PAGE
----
Redlining is the practice of arbitrarily denying or limiting financial services to specific neighborhoods, generally because its residents are people of color or are poor.
For many years, low- and moderate-income and minority families experienced "redlining": discrimination in banking, lending, and access to insurance policies based solely on the neighborhood where they lived, with no consideration to property value or credit-worthiness.
Redlining in Insurance
By 1996, a series of studies by ACORN, the National Fair Housing Alliance (NFHA), and the National Association of Insurance Commissioners (NAIC) had found that insurers were refusing to write policies in certain areas and for certain income brackets. The Philadelphia Office of Housing and Community Development (OHCD) cited this lack of ability to insure homes as a major impediment to access to fair housing in the city.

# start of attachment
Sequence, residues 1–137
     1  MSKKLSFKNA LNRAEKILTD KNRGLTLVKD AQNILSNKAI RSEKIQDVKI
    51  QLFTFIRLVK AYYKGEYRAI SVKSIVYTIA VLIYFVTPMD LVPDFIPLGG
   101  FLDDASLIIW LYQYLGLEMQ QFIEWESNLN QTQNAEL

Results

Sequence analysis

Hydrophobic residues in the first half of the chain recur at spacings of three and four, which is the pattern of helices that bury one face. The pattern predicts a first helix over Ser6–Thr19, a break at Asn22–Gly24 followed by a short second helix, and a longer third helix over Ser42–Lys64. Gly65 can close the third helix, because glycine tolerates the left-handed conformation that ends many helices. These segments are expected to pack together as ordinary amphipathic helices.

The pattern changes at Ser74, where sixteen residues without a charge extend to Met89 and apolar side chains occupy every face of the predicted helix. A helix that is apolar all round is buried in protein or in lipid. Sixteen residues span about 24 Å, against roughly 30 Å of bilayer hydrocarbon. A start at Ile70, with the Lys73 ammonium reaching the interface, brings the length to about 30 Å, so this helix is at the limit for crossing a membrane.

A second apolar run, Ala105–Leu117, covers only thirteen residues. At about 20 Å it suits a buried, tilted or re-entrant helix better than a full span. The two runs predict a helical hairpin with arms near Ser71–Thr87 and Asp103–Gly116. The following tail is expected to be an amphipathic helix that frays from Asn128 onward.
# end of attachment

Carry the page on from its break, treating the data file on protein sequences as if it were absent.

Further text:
Insurance companies used several excuses for refusing to write policies, including too low a property value, and often claimed that they didn't insure flat-roofed housing structures - the building style which makes up most of urban Philadelphia. They also refused to insure homes on blocks with vacant or unoccupied buildings - but only in certain neighborhoods. Predominantly white and suburban neighborhoods experienced no such difficulties.
In 1996, ACORN teamed up with the Prudential Property and Casualty Company to offer affordable and properly designed insurance policies to low-and moderate-income homeowners in urban areas of Philadelpha.
For more information about redlining:
Interactive Redlining Map Zooms In On America's History Of Discrimination (Camila Domonoske, NPR, 19 October 2016)
Redlining: Still a Thing (Emily Badger, The Washington Post, 28 May 2015)
The Racist Housing Policy That Made Your Neighborhood (Alexis C. Madrigal, The Atlantic, 22 May 2014)
1934–1968: FHA Mortgage Insurance Requirements Utilize Redlining (The Fair Housing Center of Greater Boston)